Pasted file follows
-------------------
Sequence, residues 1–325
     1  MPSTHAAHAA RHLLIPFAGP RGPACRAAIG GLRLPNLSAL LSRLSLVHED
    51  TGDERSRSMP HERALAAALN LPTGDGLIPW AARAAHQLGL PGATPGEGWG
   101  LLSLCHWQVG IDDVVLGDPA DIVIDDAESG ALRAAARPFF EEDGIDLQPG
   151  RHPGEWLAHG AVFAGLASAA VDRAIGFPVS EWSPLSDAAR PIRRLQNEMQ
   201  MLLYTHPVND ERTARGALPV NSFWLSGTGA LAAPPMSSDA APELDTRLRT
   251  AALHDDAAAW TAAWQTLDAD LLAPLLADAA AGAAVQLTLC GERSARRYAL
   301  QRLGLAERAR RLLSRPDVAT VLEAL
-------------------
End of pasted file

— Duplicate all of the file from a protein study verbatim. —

Sequence, residues 1–325
     1  MPSTHAAHAA RHLLIPFAGP RGPACRAAIG GLRLPNLSAL LSRLSLVHED
    51  TGDERSRSMP HERALAAALN LPTGDGLIPW AARAAHQLGL PGATPGEGWG
   101  LLSLCHWQVG IDDVVLGDPA DIVIDDAESG ALRAAARPFF EEDGIDLQPG
   151  RHPGEWLAHG AVFAGLASAA VDRAIGFPVS EWSPLSDAAR PIRRLQNEMQ
   201  MLLYTHPVND ERTARGALPV NSFWLSGTGA LAAPPMSSDA APELDTRLRT
   251  AALHDDAAAW TAAWQTLDAD LLAPLLADAA AGAAVQLTLC GERSARRYAL
   301  QRLGLAERAR RLLSRPDVAT VLEAL